Evolution of Eye Care

Evolution of Eye Care

Images library at UTHSC helps diabetics keep sight

By Suzanne Thompson

A diagnosis of diabetic retinopathy, if made early, can be sight-saving. But as many as half of the 26 million Americans diagnosed with the condition, which involves damage to small blood vessels in the back of the eye, don’t follow through on their physicians’ recommendations to see eye-care specialists. Often it’s because the patients simply can’t afford it.

Dr. Edward Chaum, creator of a new technology that is used in conjunction with a special camera, believes if primary-care physicians serving low-income patients are able to conduct visual screenings during a routine exam, many people can be saved from a life of blindness.

“People go blind from diabetes most often because they don’t see an eye specialist in a timely fashion,” says Chaum, Plough Professor of Retinal Diseases and a professor at UT Health Science Center’s Hamilton Eye Institute (HEI).  His technology allows primary-care physicians to intervene.

“What we’re trying to do is catch them early and treat them,” says Dr. James Fleming, Philip M. Lewis Endowed Professor in Ophthalmology at HEI.

Using Content-Based Image Retrieval (CBIR), a camera photographs the retina and sends those images to a computer that compares the patient’s retinal image against those in a validated library of images. This gives physicians a quick and easy way of determining if eye disease is present and how far it has progressed. “You go into the library and determine where that image ranks compared to what images are there,” Chaum explains.

Building the library of images takes time. The more images, the better diagnostic tool CBIR becomes. “If you have large numbers of images of certain stages of the disease, then you have a very robust collection of images to compare it to, and you can be reasonably confident that it corresponds to a particular level of disease,” Chaum says.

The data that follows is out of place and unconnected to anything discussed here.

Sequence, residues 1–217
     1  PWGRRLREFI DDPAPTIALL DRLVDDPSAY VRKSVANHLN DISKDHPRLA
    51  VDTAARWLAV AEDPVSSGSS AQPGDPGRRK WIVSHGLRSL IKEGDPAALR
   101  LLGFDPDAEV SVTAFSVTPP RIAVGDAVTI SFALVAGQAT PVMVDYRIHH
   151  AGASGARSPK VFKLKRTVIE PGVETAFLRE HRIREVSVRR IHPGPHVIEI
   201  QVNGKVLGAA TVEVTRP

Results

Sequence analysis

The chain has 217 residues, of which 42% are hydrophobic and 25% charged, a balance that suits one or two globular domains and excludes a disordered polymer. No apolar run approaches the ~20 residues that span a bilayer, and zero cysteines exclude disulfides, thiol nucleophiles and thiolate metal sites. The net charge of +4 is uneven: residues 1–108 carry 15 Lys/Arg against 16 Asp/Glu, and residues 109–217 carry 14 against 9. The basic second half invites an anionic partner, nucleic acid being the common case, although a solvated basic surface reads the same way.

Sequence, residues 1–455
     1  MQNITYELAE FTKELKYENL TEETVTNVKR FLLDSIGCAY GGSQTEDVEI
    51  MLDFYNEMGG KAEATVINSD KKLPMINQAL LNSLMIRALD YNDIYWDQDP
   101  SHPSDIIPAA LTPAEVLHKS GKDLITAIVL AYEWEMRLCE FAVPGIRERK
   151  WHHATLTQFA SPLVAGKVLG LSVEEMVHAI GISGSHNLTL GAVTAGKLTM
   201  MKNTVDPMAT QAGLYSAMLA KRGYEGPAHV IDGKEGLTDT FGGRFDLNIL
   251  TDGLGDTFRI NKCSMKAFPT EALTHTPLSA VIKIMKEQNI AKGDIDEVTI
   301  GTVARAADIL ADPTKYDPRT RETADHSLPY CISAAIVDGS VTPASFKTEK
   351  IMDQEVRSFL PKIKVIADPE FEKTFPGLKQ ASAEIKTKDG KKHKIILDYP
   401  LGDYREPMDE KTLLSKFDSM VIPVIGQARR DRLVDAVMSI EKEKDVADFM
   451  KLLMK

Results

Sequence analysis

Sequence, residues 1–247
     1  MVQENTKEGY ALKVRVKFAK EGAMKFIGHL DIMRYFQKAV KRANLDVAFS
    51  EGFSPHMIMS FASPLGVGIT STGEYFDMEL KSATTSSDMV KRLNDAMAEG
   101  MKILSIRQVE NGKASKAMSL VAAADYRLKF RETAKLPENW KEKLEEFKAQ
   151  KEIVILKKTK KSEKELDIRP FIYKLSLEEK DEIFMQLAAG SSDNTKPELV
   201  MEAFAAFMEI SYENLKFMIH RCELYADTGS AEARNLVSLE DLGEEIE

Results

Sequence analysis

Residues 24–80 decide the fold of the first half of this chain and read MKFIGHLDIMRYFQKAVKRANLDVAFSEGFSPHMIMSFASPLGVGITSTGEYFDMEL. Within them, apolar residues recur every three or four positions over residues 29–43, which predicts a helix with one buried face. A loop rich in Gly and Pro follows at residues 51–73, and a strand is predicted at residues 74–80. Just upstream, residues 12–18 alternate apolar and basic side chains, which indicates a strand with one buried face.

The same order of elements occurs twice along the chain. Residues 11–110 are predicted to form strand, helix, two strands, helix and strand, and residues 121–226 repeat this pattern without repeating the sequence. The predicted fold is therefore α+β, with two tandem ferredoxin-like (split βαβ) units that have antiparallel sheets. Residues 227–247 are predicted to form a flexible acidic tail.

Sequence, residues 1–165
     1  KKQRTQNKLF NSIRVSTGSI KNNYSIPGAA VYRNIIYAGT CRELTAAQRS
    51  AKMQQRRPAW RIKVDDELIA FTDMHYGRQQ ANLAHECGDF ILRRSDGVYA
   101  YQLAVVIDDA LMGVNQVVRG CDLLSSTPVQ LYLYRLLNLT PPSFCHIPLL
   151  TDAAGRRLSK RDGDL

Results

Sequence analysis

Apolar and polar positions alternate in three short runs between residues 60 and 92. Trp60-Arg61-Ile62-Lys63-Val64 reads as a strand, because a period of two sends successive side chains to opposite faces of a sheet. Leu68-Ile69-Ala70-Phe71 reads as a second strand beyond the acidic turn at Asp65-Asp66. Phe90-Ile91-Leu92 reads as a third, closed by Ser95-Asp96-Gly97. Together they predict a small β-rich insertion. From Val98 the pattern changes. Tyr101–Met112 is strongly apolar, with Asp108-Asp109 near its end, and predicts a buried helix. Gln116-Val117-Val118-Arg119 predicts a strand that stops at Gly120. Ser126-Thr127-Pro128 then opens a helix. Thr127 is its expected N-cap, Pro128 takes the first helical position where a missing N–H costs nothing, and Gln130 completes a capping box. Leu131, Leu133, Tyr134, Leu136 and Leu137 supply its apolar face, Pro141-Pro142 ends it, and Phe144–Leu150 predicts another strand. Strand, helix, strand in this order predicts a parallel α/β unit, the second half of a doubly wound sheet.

A $125,000 seed-fund grant from Oak Ridge National Laboratory helped Chaum begin building the library. While visiting in Oak Ridge and hearing a lecture about computer chip analysis given by Kenneth Tobin, director of the Measurement Science and Systems Engineering Division, Chaum got the idea for adapting the technology to analyze retinal images. The National Eye Institute awarded grants totaling $6 million that were distributed over a six-year period. Since then, funding has been provided by numerous organizations, including the Plough Foundation and Health Outcomes Assessment Agency, operated by the federal government.

Photos taken at primary care locations are sent, via a telemedical network, to Chaum, who signs off personally on each one before adding it to the library. Currently, the library contains about 15,000 images. Using it, physicians have managed more than 6,000 patients during the last four years.

The telemedical network, called Telemedicine Retinal Imaging Analysis and Diagnosis (TRIAD), has won national awards. TRIAD has been so successful that Chaum and Tobin started a company, Hubble Telemedical, which has 13 cameras in Tennessee, Alabama and Texas. Chaum estimates the company will have cameras operating in a half dozen more states by the end of 2013.

“Basically, we’ve gone from an idea in 2004, ‘I wonder if I can use this technology that’s being applied for computer chips to change the way we manage diabetic eye diseases?’ to a commercial telemedical network and venture-backed company managing patients throughout the Mid-South in 2013,” Chaum says.